Hamilton G5 Ventilator May Stop Functioning Without Sounding Alarm, FDA Warns

Hamilton G5 Ventilator May Stop Functioning
Hamilton G5 Ventilator May Stop Functioning

Hamilton G5 Ventilator May Stop Functioning
Hamilton G5 Ventilator May Stop Functioning

The Food and Drug Administration (FDA) has issued a serious safety warning about the Hamilton G5 ventilator.

The ventilator may stop working without sounding an alarm when the device operator presses the oxygen enrichment key to attach the ventilator mask to the patient (suctioning maneuver), the FDA warns.

This ventilator problem can occur under the following conditions:

  • When pressing the oxygen enrichment key a second time within 50 milliseconds after the disconnection is detected.
  • When disconnection is detected immediately before the oxygen enrichment period automatically ends, so that detection of disconnection and termination of O2-enrichment occur within 50 milliseconds of each other.

If the device operator does not intervene, the patient may not receive enough oxygen and could suffer serious adverse health consequences, including injury or death. The recall notice on the FDA web site has a list of affected catalog numbers.

The recalled ventilator is the G5 Ventilator V2.00 and V2.31, distributed from March 2007 to March 2014. The firm has received one report of a ventilator malfunction. No injuries or deaths have been reported. This is a Class 1 recall, the FDA’s most serious recall category.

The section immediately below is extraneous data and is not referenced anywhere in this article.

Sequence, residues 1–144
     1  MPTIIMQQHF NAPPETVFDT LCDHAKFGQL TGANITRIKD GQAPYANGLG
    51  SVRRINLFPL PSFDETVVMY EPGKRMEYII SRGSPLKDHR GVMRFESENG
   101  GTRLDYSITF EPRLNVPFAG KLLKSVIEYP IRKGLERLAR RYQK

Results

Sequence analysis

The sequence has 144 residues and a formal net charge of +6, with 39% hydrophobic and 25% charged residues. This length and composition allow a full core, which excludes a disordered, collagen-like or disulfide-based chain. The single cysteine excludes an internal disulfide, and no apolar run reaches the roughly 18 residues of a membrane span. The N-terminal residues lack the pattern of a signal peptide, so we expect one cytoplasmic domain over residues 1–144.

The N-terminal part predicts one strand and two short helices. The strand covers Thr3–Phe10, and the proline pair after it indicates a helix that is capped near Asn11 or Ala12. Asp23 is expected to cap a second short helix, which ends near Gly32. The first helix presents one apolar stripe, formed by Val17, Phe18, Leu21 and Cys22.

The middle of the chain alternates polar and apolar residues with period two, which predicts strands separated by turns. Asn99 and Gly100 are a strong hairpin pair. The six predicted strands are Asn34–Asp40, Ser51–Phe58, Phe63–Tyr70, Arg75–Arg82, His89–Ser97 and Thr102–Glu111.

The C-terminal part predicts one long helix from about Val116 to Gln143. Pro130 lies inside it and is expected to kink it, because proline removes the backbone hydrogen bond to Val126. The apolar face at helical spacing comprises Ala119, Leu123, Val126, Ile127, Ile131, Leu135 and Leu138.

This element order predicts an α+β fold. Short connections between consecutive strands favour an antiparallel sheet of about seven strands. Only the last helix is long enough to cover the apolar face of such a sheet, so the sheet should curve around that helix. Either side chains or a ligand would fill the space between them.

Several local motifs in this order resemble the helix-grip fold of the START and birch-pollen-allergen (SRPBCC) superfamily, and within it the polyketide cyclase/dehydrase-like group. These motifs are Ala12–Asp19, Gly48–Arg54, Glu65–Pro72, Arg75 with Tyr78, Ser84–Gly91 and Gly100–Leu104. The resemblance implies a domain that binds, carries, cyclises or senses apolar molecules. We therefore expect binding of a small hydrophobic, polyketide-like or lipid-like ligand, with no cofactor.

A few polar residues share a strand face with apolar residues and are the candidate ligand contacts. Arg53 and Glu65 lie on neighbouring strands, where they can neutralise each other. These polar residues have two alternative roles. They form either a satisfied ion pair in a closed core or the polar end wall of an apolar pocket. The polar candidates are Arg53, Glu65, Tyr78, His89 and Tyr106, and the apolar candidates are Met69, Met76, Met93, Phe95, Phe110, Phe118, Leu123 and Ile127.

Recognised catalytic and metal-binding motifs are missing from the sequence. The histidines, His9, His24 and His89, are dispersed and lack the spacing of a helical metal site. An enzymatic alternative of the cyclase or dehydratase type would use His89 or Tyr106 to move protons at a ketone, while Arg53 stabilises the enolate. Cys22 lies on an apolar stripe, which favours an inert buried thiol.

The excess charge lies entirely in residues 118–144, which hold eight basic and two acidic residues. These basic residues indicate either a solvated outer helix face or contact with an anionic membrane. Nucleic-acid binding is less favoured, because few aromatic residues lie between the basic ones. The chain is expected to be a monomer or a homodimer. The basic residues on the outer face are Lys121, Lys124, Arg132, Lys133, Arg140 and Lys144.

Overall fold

The FDA advises that after a suctioning maneuver is completed, the operator must verify that the ventilation continues. If ventilation has stopped, the operator should take action to re-establish ventilation. The operator can

  • Press the “Manual Breath” key on the ventilator’s front side.
  • Change the ventilation mode.
  • Switch to the “Standby Mode” and return to the previously used ventilation mode.

The FDA advises operators to keep this information with the G5 Operator’s Manual. The agency advises distributors to send the Medical Device Safety Alert immediately to all operators of G5 ventilators. The distributor should permanently disable automated suctioning maneuver functionality on all G5 ventilators by using a software key provided by the manufacturer. In addition, the distributor should update the G5 Operator’s Manual with the disabled automated suctioning functionality as soon as possible.

The FDA encourages health care professionals and patients to report adverse events or side effects MedWatch Safety Information and Adverse Event Reporting Program: www.fda.gov/MedWatch/report. Reports can be made online, by mail, by phone, or by fax.